Rolling back down onto the highway the next day, we passed by the nations smallest post office. Amazing what treasures there are out there…

The day was warm, though the coastal breeze circulated our air as we circled the wheels. Our goal was Big Sur, the rugged oceanfront area that separates southern California from its neighbors to the north. We stopped often here, and for good reason. It’s stunning.

Lunchtime view from the Ragged Point.

We stopped at the Ragged Point Inn, which marks the approximate entrance to Big Sur. We could have bought lunch, but being the budget minded people that we are, we instead brought tortillas, hummus, and spinach with us to the lawn on the tall coastal cliffs. It could have been a nice and clean lunch, but I decided to bring a mango (we got a great deal on mangos a couple of days ago), and got mango juice all over myself. There's no way to eat a mango cleanly, and especially when you don't have running water. I cleaned myself up in a bathroom, and we trundled happily along the twisting rocky highway.

"The Nest." Don't forget to bring a blanket - those ocean winds are fierce.

Two of the cutest things ever.

As we wound around another jutting outcropping, we passed some people fashioning what looked to be a treehouse out of weathered driftwood. We looked at each other and shrugged. In the next moment, a sign whizzed by with the word “Treebones” on it. Jenn started in her seat, and I made an about face. The driveway for this place was a series of switchbacks that climbed the hillside that had been hugging our starboard side. Jenn had heard about the place previously, and we decided to check it out. It’s an amazing little resort with tiny yurts and cottages overlooking the ocean. We even snuck our way into a spot they call “The Nest,” a cozy, elephant-looking nook made of branches with a perfect view of the Pacific. It seemed to be the finished product of what we saw under roadside construction. We also happened upon the most heart-meltingly playful kitten romping among the undergrowth. We played with the little darling for over an hour, and may or may not have seriously discussed adopting it as a van cat. I still think that we should go back.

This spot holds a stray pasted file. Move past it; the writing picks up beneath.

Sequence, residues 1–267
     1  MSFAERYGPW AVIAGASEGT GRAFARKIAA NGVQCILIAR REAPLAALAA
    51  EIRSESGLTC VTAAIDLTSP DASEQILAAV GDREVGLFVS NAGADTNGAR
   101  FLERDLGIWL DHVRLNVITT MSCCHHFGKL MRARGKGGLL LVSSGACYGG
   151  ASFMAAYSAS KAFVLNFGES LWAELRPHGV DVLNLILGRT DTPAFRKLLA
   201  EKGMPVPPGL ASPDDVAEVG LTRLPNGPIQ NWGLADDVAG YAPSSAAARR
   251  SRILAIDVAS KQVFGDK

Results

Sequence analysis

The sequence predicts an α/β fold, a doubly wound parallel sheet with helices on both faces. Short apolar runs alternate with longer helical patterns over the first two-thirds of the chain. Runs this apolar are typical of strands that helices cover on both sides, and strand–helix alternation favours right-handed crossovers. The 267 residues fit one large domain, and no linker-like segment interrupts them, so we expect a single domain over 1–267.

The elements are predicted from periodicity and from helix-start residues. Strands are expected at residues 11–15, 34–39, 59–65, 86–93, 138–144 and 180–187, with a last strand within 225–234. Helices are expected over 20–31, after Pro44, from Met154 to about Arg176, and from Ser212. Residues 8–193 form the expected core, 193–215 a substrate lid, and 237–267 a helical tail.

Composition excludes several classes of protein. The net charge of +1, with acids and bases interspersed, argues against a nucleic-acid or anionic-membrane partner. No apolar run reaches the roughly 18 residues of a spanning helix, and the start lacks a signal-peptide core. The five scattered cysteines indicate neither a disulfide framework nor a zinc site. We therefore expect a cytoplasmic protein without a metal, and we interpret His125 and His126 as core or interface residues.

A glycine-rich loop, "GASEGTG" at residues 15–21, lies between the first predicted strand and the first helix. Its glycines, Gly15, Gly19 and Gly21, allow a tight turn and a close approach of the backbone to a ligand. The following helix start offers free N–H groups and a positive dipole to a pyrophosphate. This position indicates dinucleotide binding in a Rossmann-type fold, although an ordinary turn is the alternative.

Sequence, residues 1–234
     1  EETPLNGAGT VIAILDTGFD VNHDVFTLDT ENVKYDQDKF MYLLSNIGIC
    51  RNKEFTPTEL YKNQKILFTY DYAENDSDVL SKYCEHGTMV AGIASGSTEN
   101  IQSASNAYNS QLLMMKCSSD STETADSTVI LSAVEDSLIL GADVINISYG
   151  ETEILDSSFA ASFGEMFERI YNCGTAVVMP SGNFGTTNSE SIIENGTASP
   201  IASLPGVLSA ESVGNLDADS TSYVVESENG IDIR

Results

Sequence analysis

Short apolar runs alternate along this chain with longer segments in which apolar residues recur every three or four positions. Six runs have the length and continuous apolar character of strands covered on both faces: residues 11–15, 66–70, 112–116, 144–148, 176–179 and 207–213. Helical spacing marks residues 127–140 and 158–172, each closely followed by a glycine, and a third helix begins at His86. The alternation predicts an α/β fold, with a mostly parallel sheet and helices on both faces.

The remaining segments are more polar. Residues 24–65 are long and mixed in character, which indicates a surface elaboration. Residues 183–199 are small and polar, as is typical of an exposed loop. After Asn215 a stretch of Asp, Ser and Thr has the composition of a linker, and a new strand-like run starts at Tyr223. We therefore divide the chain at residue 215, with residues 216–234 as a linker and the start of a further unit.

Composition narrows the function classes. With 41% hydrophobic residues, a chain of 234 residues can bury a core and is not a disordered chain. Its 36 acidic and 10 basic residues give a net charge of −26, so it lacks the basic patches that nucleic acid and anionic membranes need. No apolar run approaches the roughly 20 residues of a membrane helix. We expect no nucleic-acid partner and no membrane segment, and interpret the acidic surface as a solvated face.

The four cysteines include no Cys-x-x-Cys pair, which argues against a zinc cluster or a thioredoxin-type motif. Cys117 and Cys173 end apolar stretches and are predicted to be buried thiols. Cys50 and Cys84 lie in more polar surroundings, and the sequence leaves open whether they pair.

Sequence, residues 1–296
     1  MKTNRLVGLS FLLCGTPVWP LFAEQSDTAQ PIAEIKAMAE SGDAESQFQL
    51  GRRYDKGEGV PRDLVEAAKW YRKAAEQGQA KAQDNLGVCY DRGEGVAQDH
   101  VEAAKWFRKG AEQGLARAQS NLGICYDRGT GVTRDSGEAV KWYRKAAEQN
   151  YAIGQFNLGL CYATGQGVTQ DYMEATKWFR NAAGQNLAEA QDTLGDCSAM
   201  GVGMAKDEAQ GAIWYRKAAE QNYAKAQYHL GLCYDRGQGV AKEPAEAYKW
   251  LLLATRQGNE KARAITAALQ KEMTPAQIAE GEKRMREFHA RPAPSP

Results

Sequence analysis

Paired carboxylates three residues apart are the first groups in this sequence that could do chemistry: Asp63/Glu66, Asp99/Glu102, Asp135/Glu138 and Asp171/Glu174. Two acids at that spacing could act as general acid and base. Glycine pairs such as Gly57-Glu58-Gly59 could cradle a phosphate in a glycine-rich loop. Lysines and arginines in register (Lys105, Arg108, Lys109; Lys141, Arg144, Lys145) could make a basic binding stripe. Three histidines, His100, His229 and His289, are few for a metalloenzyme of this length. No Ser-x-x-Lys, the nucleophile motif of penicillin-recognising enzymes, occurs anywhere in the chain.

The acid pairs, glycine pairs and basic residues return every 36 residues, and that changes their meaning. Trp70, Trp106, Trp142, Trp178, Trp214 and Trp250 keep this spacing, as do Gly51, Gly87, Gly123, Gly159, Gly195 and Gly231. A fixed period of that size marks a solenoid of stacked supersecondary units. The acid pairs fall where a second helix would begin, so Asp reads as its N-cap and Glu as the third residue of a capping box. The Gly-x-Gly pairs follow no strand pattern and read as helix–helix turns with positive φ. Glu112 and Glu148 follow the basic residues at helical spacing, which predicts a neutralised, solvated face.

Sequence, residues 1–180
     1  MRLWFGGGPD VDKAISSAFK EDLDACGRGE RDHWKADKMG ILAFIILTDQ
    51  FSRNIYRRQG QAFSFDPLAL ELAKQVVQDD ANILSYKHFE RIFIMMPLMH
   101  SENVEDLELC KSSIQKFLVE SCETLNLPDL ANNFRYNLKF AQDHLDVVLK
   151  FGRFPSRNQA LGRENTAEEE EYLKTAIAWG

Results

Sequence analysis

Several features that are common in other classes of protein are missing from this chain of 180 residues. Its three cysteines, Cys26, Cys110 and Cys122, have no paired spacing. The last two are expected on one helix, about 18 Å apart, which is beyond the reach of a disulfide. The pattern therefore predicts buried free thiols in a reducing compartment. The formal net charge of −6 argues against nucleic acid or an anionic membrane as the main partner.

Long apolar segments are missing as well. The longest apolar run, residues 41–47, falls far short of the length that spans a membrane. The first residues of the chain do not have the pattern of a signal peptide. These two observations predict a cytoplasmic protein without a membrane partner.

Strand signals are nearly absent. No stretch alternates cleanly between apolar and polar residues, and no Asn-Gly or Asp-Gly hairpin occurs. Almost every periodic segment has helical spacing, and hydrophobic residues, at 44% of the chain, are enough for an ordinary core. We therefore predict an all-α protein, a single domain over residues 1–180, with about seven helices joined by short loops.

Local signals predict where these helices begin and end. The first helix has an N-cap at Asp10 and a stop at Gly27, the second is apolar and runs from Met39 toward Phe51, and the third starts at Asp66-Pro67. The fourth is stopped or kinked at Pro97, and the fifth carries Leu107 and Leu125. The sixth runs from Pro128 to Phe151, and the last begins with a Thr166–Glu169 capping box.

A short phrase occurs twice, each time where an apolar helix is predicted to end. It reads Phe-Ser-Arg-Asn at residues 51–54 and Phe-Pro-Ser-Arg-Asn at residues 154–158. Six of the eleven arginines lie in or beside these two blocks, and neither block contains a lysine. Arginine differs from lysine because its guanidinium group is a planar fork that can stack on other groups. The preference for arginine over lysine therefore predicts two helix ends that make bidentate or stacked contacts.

This kitten attacked my sandals and I melted.

Once we were through Big Sur, we found a soft shoulder with a few vans parked along it. Calling it a night, we were blessedly free of the insect life abounding from the previous evening.

The next day we attempted to really cover some ground. Inadvertently aiding in this, I got turned around in San Francisco, and in one of my worst navigational moments since acquiring the van, I didn’t realize that we were no longer driving along the coast until we were a solid hour past the city, and miles away from the oyster shack that I had intended to be our lunch stop. To be honest, I wasn’t paying much attention to the road. My co-pilot was napping, and my mind was wandering. The uncertainty that I’ve been trying to embrace decided to rear its ugly head, and with nothing to distract me, I spiraled into a dark place of worry and stress. Money was tight, and I was traveling across the country. What was I doing on vacation at a time like this? And dragging this perfectly good person along with me? What if I couldn’t find a job in New York? What if Jenn realized what a weirdo she had gotten herself mixed up with and I was stuck out East with nowhere to go? What if the van broke down for good and I had to start over?

By the time that Jenn roused and asked where the ocean had gone, I was a mess. Upon realizing my now obvious wrong turn, I attempted to find a cross-road that would bring us back west towards the sea. It ended up being an insane, pothole studded backwoods road with twists and turns that reminded me of rural Virginia. After swerving around a hole in the road and nearly colliding with oncoming traffic, I screeched to a halt at a pull-off. I needed a break, and the steadily building heat was compounding the fog and stress in my reeling head. Poor Jenn looked on in silent astonishment as I put the van in reverse, hoping to score a parking spot out of the oppressive sun. As my wheels turned in the roadside loam, the rear right tire entered a leaf-covered ditch, and my corner of the van left the ground and hung in the air. Jenn had the correct response, which was to laugh and shriek at the absurd circumstances. My reaction was to swear and panic. Thoughts of getting a tow truck out here flew through my overheated and overreacting mind until I found the right application of gas and steering that allowed the vehicle to inch forward and crash to rest on the soft forest dirt.